¶ 5 Thereafter, Marquardt completed an application for health insurance benefits pursuant to the Act and submitted his application to the City. On November 21, 2014, Michael Bartholomew, the City's city manager, authored a letter to Marquardt, denying his request for benefits under the Act. In the letter, Bartholomew explained that although Marquardt's injury was "catastrophic" and occurred while on duty, Marquardt was not eligible for benefits under the Act because his injury did not occur under any of the four circumstances delineated in section 10(b) of the Act. That is, Marquardt's injury did not occur during a fresh pursuit, an emergency, a response to an unlawful act perpetrated by another, or an investigation of a criminal act. Bartholomew explained: "Under Section 6 of the City's PSEBA Policy, the City Manager makes the final determination regarding an applicant's eligibility for PSEBA benefits. Accordingly, I have reviewed your application and the administrative record, and it is my determination that your injury did not occur during a fresh pursuit, or as part of or a response to an emergency, or by an unlawful act perpetrated by another, or during the investigation of a criminal act. Because none of the circumstances prescribed in Subsection 10(b) of the PSEBA apply, your application must be denied."

         ¶ 6 Following the City's denial of his application for benefits under the Act, Marquardt filed declaratory judgment action against the City.[1] He alleged that his catastrophic knee injury was sustained while he was on duty investigating a "criminal act" and that he thus met the requirements for benefits delineated in sections 10(a) and 10(b) of the Act. Accordingly, he sought a declaration of his right to benefits under the Act and an order mandating the City to pay the monthly premiums for coverage under the City's health insurance plan.

         ¶ 7 The City filed an answer in which it admitted that Marquardt sustained his injury while on duty as a police officer for the City and during the performance of an act of duty. The City further admitted that Marquardt's injury was "catastrophic" within the meaning of the Act. The City, however, denied that Marquardt's injury was the result of his investigation of a criminal act. Moreover, the City asserted, as an affirmative defense, that Marquardt's "injury on August 12, 2010 did not occur in one of the following circumstances: (1) response to fresh pursuit, (2) response to what is reasonably believed to be an emergency, (3) the unlawful act by another, or (4) during the investigation of a criminal act. 820 ILCS 320/10(b)." Given that Marquardt's injury did not occur in the context of any of the four specific circumstances delineated in section 10(b) of the Act, the City contended that he was "not entitled to benefits under [the Act]."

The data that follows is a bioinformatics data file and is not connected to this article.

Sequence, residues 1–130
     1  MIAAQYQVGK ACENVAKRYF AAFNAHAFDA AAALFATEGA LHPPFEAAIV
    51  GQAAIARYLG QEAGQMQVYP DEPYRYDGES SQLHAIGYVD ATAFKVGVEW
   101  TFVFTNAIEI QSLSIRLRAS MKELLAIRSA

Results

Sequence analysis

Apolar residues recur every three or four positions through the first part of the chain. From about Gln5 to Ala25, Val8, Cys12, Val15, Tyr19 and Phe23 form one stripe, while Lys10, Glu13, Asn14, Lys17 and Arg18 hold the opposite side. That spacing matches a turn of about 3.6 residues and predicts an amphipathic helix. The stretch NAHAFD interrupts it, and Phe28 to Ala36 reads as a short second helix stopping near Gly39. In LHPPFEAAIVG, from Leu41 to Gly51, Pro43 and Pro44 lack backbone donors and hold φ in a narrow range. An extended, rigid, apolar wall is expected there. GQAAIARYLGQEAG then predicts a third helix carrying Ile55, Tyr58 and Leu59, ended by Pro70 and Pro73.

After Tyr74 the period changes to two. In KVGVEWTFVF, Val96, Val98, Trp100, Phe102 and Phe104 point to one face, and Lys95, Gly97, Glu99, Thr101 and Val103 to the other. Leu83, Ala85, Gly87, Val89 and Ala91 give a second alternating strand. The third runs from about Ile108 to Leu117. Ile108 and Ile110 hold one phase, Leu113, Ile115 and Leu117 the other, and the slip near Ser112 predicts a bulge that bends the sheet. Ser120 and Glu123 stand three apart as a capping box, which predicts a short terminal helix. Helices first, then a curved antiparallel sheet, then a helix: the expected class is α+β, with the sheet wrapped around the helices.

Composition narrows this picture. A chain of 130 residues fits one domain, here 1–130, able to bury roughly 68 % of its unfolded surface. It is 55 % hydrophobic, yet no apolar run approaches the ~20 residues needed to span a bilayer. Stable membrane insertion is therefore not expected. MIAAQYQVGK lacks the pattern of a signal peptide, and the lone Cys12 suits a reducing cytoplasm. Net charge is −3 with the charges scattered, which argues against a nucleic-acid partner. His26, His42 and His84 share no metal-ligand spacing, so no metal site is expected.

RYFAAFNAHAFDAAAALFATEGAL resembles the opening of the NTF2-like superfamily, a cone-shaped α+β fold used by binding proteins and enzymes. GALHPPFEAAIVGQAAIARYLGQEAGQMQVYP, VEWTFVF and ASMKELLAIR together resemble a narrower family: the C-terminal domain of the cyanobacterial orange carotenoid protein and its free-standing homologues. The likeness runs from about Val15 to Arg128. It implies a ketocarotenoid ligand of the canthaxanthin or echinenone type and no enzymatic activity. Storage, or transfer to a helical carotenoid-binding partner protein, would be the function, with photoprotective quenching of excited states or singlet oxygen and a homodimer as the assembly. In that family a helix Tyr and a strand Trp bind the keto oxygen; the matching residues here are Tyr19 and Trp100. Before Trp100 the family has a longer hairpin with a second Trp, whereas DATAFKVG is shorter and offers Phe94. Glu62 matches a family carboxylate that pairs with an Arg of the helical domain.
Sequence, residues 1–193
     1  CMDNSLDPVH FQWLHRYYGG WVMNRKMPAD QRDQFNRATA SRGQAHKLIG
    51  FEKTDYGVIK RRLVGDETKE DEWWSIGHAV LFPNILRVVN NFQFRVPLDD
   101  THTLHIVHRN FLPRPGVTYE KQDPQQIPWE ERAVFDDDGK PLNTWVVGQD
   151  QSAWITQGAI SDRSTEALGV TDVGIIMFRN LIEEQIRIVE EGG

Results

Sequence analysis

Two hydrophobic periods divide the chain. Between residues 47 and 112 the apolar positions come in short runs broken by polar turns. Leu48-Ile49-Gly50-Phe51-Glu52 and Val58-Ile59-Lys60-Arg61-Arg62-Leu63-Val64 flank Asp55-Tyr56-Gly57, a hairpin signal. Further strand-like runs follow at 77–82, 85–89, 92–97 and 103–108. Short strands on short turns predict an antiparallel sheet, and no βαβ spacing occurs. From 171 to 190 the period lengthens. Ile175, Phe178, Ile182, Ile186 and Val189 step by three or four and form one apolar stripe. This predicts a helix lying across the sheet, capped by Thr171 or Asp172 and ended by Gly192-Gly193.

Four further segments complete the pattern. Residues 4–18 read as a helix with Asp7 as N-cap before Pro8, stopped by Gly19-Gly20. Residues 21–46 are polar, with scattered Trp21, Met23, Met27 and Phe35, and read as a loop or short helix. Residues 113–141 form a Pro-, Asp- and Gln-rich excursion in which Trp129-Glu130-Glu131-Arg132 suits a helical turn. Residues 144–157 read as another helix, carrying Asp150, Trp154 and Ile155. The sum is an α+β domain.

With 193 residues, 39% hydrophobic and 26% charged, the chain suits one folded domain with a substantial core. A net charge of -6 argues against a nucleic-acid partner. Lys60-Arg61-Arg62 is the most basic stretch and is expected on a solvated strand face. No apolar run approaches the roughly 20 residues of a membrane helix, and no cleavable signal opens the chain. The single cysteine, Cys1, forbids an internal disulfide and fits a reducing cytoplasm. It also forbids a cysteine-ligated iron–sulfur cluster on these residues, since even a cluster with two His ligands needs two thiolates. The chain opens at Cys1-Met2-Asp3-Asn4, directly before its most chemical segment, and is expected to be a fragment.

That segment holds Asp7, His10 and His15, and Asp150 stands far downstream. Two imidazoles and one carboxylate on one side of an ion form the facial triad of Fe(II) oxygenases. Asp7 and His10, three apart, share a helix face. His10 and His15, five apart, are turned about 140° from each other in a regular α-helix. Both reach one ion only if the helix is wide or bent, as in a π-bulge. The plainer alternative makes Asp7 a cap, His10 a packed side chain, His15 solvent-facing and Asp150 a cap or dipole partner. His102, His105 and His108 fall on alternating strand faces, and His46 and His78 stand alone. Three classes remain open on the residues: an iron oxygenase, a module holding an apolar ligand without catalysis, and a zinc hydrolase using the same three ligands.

¶ 8 The parties subsequently engaged in discovery, and Marquardt and Khoshaba were both deposed and provided details about the traffic stop that resulted in Marquardt's injury. Marquardt testified, in pertinent part, that he effectuated a traffic stop on Khoshaba because the truck he was driving had compressed tires and appeared to be slow to accelerate. Based on these observations, he believed that Khoshaba's vehicle was overweight and was being operated in contravention of section 15-111 of the Illinois Vehicle Code (625 ILCS 5/15-111 (West 2010)). He further testified that after ascertaining that Khoshaba was driving a truck that exceeded the permissible wheel and axel gross weight loads permitted under the Illinois Vehicle Code, he climbed the ladder of Khoshaba's truck to inspect the load and determined that the truck was hauling broken concrete. Marquardt explained that he was required to identify and describe the load that Khoshaba was hauling in order to complete the requisite "Des Plaines Police Overweight Report" and to issue Khoshaba a traffic citation. He further testified that there was no way for him to inspect the load that Khoshaba was hauling without climbing up the truck to peer down into the open semitrailer. Marquardt explained that he felt something in his left knee pop when he was traversing up the ladder located near the front of Khoshaba's truck. After maneuvering himself down the ladder, he issued Khoshaba the citation, which resulted in a fine, and completed the "Des Plaines Police Overweight Report."